CSIRO Publishing blank image blank image blank image blank imageBooksblank image blank image blank image blank imageJournalsblank image blank image blank image blank imageAbout Usblank image blank image blank image blank imageShopping Cartblank image blank image blank image You are here: Journals > Emu   
  Journal of BirdLife Australia
blank image Search
blank image blank image
blank image
  Advanced Search

Journal Home
About the Journal
Editorial Structure
Online Early
Current Issue
Just Accepted
All Issues
Special Issues
Research Fronts
Rowley Reviews
Virtual Issues
Sample Issue
For Authors
General Information
Submit Article
Author Instructions
Open Access
Awards and Prizes
For Referees
Referee Guidelines
Review an Article
Annual Referee Index
For Subscribers
Subscription Prices
Customer Service
Print Publication Dates
Library Recommendation

red arrow Complete Archive
blank image
With the complete digital archive of Emu now online, we have selected some of the most interesting and significant papers for readers to access freely.

blue arrow e-Alerts
blank image
Subscribe to our Email Alert or RSS feeds for the latest journal papers.

red arrow Connect with BirdLife
blank image
facebook TwitterIcon LinkedIn

red arrow Connect with CP
blank image
facebook twitter logo LinkedIn


Article << Previous     |     Next >>   Contents Vol 106(1)

Population size, provisioning frequency, flock size and foraging range at the largest known colony of Psittaciformes: the Burrowing Parrots of the north-eastern Patagonian coastal cliffs

Juan F. Masello A B C G, María Luján Pagnossin D, Christina Sommer E, Petra Quillfeldt F

A Institut für Ökologie, Friedrich-Schiller-Universität Jena, Germany.
B Ecology of Vision Group, School of Biological Sciences, University of Bristol, UK.
C Max Planck Institute for Ornithology, Vogelwarte Radolfzell, Schlossallee 2, D-78315 Radolfzell, Germany.
D Facultad de Ciencias Naturales y Museo, Universidad Nacional de La Plata, La Plata, Argentina.
E Institut für Biologie/Verhaltensbiologie, Freie Universität Berlin, Berlin, Germany.
F School of Biosciences, Cardiff University, UK.
G Corresponding author. Email: masello@orn.mpg.de
PDF (723 KB) $25
 Export Citation


We here describe the largest colony of Burrowing Parrots (Cyanoliseus patagonus), located in Patagonia, Argentina. Counts during the 2001–02 breeding season showed that the colony extended along 9 km of a sandstone cliff facing the Altantic Ocean, in the province of Río Negro, Patagonia, Argentina, and contained 51 412 burrows, an estimated 37 527 of which were active. To our knowledge, this is largest known colony of Psittaciformes. Additionally, 6500 Parrots not attending nestlings were found to be associated with the colony during the 2003–04 breeding season. We monitored activities at nests and movements between nesting and feeding areas. Nestlings were fed 3–6 times daily. Adults travelled in flocks of up to 263 Parrots to the feeding grounds in early mornings; later in the day, they flew in smaller flocks, making 1–4 trips to the feeding grounds. Overall, the most frequent flock size was two, indicating that the pair is the basic social unit during the breeding season. The average flight-speed was 36.9 km h–1. Terrestrial and aerial surveys during the 2003–04 and 2004–05 breeding seasons suggest that Burrowing Parrots performed long daily movements in order to feed in the remaining patches of natural vegetation, travelling 58 and 66 km over the two main routes to the feeding areas. The colony is seriously threatened by human activity, and surrounding habitat is being rapidly transformed to agricultural land. Based on the data presented, we recommend monitoring the colony using detailed counts of numbers of nests, the documentation of the extent of the entire colony, together with data on breeding success, nestling growth and feeding rates. The number of non-breeders associated with the colony should be monitored, and as an additional index of abundance, counts from stationary locations should be continued.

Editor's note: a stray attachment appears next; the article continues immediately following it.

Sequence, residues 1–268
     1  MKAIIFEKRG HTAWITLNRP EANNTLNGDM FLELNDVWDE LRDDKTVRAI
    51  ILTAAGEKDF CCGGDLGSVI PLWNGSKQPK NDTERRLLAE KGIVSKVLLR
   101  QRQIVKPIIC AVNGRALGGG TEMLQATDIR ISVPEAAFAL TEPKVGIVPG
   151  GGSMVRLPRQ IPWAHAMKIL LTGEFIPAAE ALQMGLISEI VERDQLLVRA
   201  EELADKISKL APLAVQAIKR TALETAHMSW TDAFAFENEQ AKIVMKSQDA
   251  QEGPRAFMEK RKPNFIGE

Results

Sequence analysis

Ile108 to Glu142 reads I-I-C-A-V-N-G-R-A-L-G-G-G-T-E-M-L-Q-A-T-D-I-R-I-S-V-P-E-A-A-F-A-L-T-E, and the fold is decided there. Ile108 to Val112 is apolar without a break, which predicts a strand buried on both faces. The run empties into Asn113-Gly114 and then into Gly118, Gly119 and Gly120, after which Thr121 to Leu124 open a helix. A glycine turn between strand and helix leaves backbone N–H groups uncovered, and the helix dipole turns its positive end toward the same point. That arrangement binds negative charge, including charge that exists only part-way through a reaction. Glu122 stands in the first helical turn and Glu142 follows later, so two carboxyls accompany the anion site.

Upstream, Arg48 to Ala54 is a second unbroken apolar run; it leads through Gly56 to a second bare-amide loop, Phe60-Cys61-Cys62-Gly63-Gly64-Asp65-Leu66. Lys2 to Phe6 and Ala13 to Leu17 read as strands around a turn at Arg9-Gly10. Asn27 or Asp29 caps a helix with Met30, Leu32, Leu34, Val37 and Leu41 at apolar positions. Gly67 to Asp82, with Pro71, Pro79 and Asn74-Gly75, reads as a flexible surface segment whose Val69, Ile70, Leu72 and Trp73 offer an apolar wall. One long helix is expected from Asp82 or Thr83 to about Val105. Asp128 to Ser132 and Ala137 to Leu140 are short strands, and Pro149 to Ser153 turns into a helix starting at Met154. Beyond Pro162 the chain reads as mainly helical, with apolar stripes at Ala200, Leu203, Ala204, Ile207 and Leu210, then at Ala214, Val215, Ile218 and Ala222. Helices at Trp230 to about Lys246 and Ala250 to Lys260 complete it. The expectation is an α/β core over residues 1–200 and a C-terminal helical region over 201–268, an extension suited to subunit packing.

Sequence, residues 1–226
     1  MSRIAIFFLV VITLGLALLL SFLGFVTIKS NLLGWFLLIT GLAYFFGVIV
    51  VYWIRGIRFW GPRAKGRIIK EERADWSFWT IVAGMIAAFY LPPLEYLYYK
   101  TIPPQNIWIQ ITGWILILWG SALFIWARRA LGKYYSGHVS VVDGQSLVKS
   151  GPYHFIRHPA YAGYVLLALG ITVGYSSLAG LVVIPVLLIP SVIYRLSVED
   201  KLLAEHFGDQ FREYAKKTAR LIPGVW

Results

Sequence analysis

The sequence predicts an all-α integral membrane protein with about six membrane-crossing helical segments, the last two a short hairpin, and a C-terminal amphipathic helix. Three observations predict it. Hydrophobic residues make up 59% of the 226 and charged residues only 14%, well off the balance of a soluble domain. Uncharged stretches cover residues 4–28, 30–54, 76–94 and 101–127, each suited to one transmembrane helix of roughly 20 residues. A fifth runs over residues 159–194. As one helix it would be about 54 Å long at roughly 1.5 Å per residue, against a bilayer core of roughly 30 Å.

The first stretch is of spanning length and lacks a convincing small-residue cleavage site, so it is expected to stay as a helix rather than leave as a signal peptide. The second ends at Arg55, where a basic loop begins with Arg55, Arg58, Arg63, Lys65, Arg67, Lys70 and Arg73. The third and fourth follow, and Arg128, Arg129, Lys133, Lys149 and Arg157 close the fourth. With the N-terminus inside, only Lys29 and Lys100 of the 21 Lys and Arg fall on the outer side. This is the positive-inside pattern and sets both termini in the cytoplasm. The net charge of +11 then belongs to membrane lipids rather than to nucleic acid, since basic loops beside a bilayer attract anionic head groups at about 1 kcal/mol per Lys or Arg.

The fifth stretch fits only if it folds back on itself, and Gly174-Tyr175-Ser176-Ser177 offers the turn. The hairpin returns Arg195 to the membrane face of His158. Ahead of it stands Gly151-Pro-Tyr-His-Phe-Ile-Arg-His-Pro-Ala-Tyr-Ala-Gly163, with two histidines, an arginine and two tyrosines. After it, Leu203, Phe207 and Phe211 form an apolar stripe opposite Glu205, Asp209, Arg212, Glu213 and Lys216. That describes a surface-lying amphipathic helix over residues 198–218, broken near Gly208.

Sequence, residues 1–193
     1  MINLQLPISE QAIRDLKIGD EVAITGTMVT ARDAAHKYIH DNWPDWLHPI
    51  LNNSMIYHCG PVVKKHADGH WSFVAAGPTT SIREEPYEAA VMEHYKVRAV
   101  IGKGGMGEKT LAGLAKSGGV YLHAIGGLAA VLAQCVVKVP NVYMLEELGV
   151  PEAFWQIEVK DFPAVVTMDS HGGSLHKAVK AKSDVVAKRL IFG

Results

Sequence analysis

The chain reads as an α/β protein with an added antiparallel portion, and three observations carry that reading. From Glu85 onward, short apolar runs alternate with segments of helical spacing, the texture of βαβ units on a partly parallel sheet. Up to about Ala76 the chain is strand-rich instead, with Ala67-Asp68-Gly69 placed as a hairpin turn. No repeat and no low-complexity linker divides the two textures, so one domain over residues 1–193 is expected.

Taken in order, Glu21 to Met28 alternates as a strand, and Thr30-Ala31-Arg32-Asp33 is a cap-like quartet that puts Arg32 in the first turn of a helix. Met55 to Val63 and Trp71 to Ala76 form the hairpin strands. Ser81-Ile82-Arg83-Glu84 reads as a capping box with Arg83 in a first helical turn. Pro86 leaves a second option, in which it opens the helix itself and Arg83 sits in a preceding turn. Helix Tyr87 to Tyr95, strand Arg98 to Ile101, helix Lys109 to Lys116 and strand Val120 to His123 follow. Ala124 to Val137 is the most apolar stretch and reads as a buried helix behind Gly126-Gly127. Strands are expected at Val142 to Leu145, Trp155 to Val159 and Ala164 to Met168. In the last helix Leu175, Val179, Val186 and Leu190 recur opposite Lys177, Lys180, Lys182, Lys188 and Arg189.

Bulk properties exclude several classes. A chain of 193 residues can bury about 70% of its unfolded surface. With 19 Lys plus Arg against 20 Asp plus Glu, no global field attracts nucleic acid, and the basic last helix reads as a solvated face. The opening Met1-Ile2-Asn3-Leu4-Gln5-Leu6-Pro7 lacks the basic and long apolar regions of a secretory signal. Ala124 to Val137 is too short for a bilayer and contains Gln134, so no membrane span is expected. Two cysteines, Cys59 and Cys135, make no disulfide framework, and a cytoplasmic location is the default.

Subscriber Login

Legal & Privacy | Contact Us | Help


© CSIRO 1996-2016